If you’re a reader but not an English major, or just anyone who’d like to fill in the holes in your knowledge of the subject, you could do worse than John Sutherland’s A Little History of Literature.
Divided into 40 short chapters, Mr. Sutherland’s book covers all the greatest hits from Beowulf to Borges and most of the main topics covered in graduate schools from What is Literature to Literature and Race. This is a book aiming to introduce readers to the topics covered, so you’ll get a solid grounding in each issue along with all the cannonical authors. If you’re looking for something more advanced, you’ll have to look elsewhere.
Mr. Sutherland’s style is brief and breezy. He never wades so far into any topic that he risks becoming lost in controversy or risks going over anyone’s head in analysis. He’s like a very knowledgeable grandpa explaining carpentry to his grand children in terms they can understand. He’s not talking down to his audience at all, he’s just showing us how to build a basic bird house, not how to construct a full set of dresser drawers.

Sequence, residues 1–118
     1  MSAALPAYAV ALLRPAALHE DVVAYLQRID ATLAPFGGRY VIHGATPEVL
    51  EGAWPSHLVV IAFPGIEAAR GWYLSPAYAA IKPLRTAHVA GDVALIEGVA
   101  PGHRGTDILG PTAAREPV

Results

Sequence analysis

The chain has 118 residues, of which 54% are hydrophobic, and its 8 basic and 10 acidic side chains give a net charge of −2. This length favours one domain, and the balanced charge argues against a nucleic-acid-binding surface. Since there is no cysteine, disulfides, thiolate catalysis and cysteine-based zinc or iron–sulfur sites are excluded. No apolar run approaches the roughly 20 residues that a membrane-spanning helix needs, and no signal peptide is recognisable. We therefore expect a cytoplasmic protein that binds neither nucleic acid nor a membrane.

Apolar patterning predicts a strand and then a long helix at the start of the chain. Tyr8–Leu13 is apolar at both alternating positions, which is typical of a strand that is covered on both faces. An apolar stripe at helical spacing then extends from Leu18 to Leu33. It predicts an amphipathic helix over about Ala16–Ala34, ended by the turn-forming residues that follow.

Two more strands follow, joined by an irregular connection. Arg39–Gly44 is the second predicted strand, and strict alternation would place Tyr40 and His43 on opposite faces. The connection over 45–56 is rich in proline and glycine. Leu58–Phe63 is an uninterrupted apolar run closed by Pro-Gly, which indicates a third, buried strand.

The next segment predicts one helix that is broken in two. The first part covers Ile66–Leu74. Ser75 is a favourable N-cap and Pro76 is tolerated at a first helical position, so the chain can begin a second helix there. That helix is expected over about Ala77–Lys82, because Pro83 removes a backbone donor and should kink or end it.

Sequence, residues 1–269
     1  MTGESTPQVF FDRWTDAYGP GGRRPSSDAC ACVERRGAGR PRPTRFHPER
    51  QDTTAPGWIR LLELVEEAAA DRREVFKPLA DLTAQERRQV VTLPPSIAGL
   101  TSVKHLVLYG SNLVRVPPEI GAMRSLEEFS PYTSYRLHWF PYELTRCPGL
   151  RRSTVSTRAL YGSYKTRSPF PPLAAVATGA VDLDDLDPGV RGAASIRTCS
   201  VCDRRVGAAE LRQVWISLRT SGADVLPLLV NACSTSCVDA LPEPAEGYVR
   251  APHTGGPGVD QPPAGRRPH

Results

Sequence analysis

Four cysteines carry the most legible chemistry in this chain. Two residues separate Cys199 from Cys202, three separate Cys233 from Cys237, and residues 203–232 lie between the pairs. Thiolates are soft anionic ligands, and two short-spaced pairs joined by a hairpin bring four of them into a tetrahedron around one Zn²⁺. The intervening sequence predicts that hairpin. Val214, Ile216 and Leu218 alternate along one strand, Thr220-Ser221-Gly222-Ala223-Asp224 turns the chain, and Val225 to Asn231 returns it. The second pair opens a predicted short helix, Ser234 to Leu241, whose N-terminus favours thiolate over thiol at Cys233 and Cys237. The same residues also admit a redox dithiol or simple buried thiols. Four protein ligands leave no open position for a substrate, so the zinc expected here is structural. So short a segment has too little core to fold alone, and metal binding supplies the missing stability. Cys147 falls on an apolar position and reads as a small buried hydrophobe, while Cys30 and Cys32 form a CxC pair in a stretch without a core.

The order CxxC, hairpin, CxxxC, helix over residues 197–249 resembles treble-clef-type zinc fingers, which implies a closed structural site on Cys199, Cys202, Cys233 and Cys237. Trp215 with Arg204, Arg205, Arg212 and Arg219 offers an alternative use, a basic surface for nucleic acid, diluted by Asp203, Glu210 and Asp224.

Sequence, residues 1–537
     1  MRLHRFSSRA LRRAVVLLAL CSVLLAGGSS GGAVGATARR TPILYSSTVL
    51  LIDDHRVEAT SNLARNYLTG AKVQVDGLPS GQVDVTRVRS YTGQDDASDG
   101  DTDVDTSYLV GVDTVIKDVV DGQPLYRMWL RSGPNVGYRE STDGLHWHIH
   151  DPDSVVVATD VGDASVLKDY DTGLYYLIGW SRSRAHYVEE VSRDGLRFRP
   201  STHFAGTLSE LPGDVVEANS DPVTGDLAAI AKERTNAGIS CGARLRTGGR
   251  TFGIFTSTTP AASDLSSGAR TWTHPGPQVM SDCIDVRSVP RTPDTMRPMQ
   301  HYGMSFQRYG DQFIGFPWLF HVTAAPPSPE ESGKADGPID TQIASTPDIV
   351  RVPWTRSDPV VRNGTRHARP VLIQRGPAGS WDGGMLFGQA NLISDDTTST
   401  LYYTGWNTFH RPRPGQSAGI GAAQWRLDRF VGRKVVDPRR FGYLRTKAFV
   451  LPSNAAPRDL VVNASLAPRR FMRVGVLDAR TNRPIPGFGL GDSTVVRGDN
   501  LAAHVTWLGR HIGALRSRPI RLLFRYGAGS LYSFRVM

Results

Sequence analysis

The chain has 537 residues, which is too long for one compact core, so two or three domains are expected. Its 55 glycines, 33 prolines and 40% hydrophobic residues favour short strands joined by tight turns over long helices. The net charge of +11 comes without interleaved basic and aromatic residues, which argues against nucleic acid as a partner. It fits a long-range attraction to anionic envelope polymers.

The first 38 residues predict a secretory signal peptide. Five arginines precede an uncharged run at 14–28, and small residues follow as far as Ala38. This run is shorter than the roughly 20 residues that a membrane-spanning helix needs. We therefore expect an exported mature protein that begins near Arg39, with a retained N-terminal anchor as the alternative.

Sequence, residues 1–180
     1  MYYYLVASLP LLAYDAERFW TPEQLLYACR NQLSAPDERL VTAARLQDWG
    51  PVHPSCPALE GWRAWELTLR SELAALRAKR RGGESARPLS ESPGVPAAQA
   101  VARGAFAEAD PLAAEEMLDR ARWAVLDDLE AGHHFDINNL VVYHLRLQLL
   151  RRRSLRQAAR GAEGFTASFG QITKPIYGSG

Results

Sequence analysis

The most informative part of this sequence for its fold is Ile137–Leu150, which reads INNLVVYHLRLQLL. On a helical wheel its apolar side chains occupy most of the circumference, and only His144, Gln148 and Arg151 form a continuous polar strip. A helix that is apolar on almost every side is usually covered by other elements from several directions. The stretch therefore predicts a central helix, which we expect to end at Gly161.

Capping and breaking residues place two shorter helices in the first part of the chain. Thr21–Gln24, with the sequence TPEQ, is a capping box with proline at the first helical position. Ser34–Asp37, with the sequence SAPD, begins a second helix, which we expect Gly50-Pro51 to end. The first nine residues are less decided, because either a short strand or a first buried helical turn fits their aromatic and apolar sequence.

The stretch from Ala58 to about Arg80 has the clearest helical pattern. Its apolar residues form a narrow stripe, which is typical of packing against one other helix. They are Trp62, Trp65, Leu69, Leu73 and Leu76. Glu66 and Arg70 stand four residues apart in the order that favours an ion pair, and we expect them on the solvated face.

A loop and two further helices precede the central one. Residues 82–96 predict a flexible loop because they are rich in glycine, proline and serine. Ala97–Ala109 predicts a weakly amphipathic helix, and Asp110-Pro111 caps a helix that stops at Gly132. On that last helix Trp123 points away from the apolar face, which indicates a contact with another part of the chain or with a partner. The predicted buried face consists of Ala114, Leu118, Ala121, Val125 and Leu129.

I’ve been a fan of Mr. Sutherland since graduate school when some professor recommended we all get a copy of his The Stanford Companion to Victorian Fiction. It’s a must have if you’re a fan or a student of the genre. In the years I’ve had it, nearly two decades now, it has never failed me. No matter how obscure the reference I come across, it’s in Sutherland’s book be it obscure household magazine or novelist lost to time. They’re all there.
So I was primed to enjoy A Little History of Literature and enjoy it I did. I can’t say that I learned anything new, but I had good time none-the-less. Mr. Sutherland loves his topic, reads everything, references everything from children’s literature, to Ray Bradbury, to Dan Brown, to Mrs. Gaskell, to Mrs. Dalloway. Though it probably should be titled A Little History of Literature in English he does cover a wide swath of the non-English speaking world enough to satisfy most, though not all, readers.
The end paper biography refers to The Lives of Novelists: A History of Fiction in 294 Lives which sounds like something I simply must have.